Japan has approved incentives for renewable energy that could unleash billions of dollars in clean-energy investment and help the world’s third-biggest economy shift away from a reliance on nuclear power after the Fukushima disaster.
Industry Minister Yukio Edano approved the introduction of feed-in tariffs (FIT), which means higher rates will be paid for renewable energy. The move could expand revenue from renewable generation and related equipment to more than $30 Bn by 2016, brokerage CLSA estimates.
The subsidies from July 1 are one of the few certainties in Japan’s energy landscape, where the government has gone back to the drawing board to write a power policy after the Fukushima radiation crisis, the world’s worst nuclear disaster since Chernobyl in 1986.
The push for renewables is aimed at cutting reliance on not only nuclear, but pricey oil and liquefied natural gas for energy needs.
The scheme requires Japanese utilities to buy electricity from renewable sources such as solar, wind and geothermal at pre-set premiums for up to 20 years. Costs will be passed on to consumers through higher bills.
Utilities will pay 42 yen (53 U.S. cents) per kilowatt hour (kwh) for solar-generated electricity, double the tariff offered in Germany and more than three times that paid in China.
Wind power will be subsidized at least 23.1 yen per kwh, compared with as low as 4.87 euro cents (6 U.S. cents) in Germany.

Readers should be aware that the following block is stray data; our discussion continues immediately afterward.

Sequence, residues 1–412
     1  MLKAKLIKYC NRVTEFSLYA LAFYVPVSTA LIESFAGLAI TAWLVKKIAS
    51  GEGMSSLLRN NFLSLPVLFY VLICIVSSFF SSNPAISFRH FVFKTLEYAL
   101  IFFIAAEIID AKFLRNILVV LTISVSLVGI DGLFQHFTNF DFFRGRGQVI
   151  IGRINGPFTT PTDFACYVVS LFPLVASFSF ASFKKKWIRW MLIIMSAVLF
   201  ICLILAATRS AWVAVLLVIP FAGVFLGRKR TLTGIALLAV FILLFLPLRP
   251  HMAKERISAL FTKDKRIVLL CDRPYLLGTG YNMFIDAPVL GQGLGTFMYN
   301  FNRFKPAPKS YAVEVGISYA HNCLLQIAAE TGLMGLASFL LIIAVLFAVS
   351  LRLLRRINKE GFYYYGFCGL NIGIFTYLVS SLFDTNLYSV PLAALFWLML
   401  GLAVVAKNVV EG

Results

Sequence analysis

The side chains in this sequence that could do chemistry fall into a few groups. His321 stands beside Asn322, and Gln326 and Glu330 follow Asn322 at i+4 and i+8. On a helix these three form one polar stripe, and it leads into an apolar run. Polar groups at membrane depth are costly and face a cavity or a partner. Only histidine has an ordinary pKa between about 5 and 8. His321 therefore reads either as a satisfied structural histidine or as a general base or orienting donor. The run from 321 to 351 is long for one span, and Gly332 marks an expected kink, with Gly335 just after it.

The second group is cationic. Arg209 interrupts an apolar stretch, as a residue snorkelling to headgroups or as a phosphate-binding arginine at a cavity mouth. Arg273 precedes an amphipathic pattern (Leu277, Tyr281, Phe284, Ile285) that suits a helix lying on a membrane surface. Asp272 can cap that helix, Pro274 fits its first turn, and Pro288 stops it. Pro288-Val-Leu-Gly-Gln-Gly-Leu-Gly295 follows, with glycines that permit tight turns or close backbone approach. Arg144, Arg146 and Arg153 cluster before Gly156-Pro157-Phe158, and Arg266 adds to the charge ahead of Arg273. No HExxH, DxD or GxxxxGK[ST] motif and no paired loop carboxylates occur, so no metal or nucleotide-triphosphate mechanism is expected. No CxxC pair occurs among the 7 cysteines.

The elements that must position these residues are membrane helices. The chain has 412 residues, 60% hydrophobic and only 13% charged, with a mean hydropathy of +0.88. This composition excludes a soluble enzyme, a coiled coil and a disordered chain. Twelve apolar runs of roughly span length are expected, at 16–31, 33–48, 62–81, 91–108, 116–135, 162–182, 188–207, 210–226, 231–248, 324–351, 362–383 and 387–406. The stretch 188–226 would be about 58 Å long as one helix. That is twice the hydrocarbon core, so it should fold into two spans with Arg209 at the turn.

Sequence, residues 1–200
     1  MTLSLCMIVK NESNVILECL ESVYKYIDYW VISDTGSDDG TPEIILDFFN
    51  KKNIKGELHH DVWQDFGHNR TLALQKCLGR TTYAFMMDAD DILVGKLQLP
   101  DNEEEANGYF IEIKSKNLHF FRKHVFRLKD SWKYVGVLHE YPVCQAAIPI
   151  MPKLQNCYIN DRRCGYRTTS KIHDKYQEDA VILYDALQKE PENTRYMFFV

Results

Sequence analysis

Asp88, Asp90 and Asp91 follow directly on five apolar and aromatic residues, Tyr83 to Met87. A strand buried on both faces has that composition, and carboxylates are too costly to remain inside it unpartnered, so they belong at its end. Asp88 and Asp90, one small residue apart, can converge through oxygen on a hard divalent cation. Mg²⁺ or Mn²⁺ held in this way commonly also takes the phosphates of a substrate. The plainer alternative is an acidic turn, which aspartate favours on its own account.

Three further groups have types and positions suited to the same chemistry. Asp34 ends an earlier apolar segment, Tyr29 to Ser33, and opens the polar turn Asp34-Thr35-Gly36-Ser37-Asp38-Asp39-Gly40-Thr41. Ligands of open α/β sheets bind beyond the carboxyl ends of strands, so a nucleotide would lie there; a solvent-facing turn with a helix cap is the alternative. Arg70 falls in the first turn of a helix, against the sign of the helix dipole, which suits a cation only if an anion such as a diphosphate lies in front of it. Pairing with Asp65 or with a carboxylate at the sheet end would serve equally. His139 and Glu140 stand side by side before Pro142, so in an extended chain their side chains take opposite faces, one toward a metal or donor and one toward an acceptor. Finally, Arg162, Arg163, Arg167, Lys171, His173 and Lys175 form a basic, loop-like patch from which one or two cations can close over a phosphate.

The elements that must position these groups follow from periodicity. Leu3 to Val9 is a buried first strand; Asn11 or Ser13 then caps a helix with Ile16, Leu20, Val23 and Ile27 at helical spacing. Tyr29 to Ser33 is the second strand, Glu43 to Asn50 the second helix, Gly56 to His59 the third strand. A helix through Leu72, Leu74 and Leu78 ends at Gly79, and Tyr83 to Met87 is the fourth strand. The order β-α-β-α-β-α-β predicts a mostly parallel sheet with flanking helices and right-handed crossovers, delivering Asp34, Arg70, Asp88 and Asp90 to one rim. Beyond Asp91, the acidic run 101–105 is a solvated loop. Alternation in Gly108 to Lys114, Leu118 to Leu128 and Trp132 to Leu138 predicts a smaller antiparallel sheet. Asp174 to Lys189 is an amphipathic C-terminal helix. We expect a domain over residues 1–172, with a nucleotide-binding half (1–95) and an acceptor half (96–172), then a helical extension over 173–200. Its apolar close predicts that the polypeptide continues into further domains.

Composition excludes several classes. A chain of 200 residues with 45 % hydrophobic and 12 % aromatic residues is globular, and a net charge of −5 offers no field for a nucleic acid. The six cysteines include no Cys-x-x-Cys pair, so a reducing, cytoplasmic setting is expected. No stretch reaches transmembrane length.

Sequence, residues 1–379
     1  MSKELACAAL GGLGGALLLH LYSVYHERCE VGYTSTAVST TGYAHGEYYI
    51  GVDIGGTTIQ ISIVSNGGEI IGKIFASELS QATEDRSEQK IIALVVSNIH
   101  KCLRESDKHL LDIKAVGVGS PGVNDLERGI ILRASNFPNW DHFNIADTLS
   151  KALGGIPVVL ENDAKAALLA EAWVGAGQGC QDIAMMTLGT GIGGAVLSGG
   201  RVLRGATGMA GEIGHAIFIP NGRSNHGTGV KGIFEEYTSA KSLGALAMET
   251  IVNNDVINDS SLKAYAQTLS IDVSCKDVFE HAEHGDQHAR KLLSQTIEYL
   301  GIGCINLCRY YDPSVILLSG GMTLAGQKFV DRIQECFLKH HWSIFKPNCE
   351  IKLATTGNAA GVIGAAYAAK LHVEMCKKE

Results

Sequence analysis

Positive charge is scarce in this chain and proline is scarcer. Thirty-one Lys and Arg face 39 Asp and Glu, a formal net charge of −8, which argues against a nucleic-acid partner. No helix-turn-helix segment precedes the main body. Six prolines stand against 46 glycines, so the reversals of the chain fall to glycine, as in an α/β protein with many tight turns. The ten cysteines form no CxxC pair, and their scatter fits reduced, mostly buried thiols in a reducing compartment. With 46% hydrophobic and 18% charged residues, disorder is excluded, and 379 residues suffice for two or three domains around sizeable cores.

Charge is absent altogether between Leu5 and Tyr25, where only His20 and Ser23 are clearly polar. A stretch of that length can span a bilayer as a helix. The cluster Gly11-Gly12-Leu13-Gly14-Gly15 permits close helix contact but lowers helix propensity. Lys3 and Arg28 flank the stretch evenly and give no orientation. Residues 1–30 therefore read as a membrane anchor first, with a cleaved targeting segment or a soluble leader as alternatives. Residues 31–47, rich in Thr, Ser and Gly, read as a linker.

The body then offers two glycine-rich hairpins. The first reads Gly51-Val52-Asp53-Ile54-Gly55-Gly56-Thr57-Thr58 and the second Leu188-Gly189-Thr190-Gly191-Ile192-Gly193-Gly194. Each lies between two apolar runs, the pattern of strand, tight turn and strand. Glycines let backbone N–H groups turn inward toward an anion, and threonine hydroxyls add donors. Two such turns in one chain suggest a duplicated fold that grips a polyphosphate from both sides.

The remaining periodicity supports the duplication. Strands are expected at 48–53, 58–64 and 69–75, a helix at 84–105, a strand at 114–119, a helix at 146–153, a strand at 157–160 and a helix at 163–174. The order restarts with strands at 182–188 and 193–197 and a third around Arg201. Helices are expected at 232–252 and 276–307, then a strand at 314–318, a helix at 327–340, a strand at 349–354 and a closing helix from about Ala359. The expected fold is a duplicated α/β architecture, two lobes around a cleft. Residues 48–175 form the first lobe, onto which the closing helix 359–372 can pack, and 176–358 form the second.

Subsidies have spurred explosive growth in renewable energy in countries such as Germany, which has nearly tripled its output in less than a decade.
Still, Japan’s aim to accelerate investment in safer, cleaner and self-sufficient energy is starting from a low base: renewable sources apart from large hydro-electric dams account for only 1% of power supply in Japan.
Nuclear power accounted for almost 30% of Japan’s electricity supply before an earthquake and tsunami on March 11 last year triggered the Fukushima disaster.
About 60% came from oil, coal and gas, but that share has risen to almost 90% as safety concerns led to all of Japan’s 50 reactors being shut. The rest of Japan’s electricity comes mostly from hydro.
The government estimates capacity from renewable energy will increase to 22,000 megawatts by the end of March 2013, up from 19,500 MW now, with 2,000 MW of that from solar panels.
But Japan has huge potential to generate renewable energy from the sun, wind and geothermal, analysts say.
CLSA Asia-Pacific predicts solar capacity will jump to about 19 gigawatts by 2016 from about 5 GW or less now, while wind capacity may reach 7.6 GW in four years.